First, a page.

Leticia Rodriguez has followed pretty much the same routine for the last 45 years as a student and then adult client at Esperanza Community Services in West Town, getting picked up every weekday morning and dropped off every afternoon — the hours in between spent in programs aimed at helping her lead a fulfilling life.

That routine soon will come to a crashing halt when Leticia, 58, becomes one of 14 individuals with developmental disabilities to be dumped from the Esperanza program, which blames financial difficulties related to its state funding.

It will be the third such Chicago area program to reduce services to this same disabled adult population within the span of a few weeks. On Jan. 31, Easterseals closed two day programs for autistic adults — one in Chicago and the other in Tinley Park — also citing state funding problems.

Advocates for people with autism and other intellectual disabilities say such cutbacks are part of a broader problem caused by the low reimbursement rate the state pays for such services.

A recent survey of nearly 100 organizations that work with the developmentally disabled found 25 percent had closed programs, many because they could not find staff willing to work for the low pay they can offer.

ANALYSIS

The reduction of services has exacerbated a longstanding shortage of options for Illinois families seeking quality care for disabled family members.

Of the 14 disabled adults at Esperanza who are being removed from the program, only four have found somewhere else to go, similar to what happened when 44 individuals were displaced by Easterseals’ cutbacks.

Carla Rios, who is Leticia’s sister and legal guardian, is worried about what happens after the Esperanza van stops coming for her sister.

She has yet to find another program that can take Leticia, who is diagnosed as severely mentally challenged and nonverbal (she makes sounds but doesn’t use words.) The program Rios sees as the best option for her sister has no openings at this time.

“I don’t know what her reaction is going to be,” Rios said. “She could fall into depression from not seeing her teacher and classmates.”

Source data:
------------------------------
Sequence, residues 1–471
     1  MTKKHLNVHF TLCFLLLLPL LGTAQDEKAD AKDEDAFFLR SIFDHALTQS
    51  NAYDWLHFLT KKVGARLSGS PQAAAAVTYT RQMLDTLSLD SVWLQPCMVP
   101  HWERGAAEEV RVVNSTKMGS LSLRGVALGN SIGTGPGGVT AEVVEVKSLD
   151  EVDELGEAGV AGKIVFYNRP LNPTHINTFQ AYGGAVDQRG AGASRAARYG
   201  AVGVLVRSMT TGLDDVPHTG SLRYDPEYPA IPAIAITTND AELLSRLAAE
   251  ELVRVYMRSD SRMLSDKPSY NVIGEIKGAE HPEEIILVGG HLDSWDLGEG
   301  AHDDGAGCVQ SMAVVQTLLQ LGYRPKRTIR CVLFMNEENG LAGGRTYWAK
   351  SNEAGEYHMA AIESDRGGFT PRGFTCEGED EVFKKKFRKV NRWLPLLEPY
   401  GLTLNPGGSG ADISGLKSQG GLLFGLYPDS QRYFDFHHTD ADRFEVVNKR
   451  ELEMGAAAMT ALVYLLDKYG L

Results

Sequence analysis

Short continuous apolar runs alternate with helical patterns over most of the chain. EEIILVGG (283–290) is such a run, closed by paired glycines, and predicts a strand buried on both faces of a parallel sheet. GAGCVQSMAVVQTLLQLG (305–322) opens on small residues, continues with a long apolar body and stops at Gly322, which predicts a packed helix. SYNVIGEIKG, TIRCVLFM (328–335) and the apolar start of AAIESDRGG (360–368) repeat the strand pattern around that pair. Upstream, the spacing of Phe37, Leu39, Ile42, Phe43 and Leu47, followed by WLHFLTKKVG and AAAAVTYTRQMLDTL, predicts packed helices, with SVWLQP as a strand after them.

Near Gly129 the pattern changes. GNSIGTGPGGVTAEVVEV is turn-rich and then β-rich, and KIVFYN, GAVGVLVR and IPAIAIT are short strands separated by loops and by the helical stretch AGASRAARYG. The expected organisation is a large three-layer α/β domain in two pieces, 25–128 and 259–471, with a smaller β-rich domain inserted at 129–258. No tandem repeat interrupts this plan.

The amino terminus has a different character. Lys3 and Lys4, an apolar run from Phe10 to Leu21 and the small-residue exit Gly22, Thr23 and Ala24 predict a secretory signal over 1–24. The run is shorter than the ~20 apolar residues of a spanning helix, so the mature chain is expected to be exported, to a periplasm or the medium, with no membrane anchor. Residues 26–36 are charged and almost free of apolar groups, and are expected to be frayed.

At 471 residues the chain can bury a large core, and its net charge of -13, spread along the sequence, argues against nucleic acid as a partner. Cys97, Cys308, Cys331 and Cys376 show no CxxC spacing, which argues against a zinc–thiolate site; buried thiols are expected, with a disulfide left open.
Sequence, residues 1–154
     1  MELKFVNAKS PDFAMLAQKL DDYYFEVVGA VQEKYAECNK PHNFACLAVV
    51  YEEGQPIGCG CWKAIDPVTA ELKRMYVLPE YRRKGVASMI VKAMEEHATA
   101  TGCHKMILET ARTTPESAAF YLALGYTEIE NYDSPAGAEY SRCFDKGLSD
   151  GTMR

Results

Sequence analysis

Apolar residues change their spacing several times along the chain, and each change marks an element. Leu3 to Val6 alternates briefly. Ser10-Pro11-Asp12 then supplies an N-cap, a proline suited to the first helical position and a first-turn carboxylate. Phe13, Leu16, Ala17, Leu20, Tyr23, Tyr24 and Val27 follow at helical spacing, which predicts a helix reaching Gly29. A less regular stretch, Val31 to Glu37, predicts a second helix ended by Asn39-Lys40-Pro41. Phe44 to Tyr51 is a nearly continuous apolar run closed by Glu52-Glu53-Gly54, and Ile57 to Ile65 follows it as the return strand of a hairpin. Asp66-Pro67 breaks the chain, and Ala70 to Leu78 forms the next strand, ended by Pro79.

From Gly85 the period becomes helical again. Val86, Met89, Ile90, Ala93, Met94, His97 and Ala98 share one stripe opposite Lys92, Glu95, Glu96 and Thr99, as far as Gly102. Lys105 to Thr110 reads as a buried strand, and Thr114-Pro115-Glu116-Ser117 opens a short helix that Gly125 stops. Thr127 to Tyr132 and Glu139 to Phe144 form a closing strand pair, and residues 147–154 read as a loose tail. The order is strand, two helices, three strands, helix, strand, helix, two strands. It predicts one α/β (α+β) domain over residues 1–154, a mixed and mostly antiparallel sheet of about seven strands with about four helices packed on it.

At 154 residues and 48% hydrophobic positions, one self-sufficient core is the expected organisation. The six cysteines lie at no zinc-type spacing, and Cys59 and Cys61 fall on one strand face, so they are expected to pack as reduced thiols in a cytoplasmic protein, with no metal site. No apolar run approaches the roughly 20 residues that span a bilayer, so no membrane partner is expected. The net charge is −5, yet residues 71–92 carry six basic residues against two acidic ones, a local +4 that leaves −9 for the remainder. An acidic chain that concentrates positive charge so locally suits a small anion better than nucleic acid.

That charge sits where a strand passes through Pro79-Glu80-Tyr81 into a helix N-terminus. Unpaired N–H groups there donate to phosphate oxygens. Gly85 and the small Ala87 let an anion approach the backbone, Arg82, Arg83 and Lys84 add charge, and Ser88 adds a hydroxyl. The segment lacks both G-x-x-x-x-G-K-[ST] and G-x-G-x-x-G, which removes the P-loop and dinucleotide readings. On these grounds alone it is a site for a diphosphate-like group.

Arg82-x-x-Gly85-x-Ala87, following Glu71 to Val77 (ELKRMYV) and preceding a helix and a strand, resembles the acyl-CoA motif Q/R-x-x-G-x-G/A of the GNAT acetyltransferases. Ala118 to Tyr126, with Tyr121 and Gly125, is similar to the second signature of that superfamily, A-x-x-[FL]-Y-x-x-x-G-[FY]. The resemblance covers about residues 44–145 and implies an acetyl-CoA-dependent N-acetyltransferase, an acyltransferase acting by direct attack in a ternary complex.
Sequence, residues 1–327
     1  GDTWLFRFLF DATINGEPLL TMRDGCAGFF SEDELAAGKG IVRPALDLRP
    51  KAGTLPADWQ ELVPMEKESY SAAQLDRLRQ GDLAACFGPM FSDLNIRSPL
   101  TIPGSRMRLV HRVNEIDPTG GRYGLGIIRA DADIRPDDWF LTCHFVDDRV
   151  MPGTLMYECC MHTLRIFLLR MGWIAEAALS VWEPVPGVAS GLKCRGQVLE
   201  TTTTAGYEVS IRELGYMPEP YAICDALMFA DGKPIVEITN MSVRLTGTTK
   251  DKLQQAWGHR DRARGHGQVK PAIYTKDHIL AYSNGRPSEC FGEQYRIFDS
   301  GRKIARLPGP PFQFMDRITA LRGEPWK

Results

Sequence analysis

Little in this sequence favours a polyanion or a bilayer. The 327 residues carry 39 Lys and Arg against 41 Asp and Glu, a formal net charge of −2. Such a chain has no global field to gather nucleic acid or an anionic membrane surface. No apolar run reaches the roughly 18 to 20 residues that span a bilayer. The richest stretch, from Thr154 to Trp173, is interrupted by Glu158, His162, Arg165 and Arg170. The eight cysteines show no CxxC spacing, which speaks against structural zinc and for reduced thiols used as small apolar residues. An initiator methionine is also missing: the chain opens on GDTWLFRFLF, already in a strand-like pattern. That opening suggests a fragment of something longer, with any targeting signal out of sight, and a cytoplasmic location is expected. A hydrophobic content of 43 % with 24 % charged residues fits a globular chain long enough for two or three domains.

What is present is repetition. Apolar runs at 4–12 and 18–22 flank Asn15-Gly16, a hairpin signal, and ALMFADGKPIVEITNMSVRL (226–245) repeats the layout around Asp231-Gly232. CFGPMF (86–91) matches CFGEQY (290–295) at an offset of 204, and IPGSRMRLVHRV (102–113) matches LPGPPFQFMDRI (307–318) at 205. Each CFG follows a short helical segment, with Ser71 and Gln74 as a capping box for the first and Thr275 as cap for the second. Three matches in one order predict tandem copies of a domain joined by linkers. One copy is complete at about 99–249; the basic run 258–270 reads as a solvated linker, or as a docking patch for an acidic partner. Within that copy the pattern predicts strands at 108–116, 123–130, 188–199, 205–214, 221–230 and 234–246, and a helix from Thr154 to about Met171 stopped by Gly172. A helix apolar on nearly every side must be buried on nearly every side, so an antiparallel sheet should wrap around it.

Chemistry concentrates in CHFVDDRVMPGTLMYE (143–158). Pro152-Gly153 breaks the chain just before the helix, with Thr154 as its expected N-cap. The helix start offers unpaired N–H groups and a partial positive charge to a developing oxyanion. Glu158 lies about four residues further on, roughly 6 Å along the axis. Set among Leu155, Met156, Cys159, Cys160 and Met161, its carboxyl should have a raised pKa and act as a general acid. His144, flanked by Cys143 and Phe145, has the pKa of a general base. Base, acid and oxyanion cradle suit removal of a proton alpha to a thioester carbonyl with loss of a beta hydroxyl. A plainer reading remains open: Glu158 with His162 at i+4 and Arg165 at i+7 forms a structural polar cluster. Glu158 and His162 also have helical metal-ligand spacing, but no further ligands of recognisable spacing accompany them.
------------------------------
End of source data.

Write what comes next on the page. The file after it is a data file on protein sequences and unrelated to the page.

Change can be hard on most people, but it is a particular concern when dealing with individuals who have trouble communicating and whose mental health is often closely tied to their routines.

Esperanza isn’t closing its programs but, instead, scaling back.

Joy Decker, Esperanza’s executive director, said the non-profit agency has been running deficits for three years, squeezed by a state reimbursement rate that had not increased in 10 years before a small raise in the state’s latest budget.

To ease the financial crunch, the agency is selling its properties at 1920 W. and 1924 W. Grand and moving 55 clients from the adult day program into the gymnasium of an old school building it operates across the street.

Family members of the other 14 clients were informed in November they had to be out by Dec. 15 because of a lack of space at the new site. Family members complained, and the deadline was extended to the middle of this coming week.

Then, on Friday afternoon, after family members made plans for a protest next week and following a phone call from the Sun-Times, Decker announced the deadline will be extended again, this time until March 29.

Decker said the extension is possible because the real estate closing has been delayed.

Inez Moss-Louis, whose autistic daughter, Asia, is also losing her spot at Esperanza, said she and other parents believe their children were singled out for removal because they are more severely disabled and require more care.

Decker said the decision was based on choosing participants with the strongest interest in art, a growing emphasis at Esperanza.

“We don’t want to do this,” Decker said. “We would love to save everyone.”

Rios said she has tried to prepare Leticia for the change that is coming.

“I don’t know if she quite understood,” she said.

Rios herself finds it hard to understand.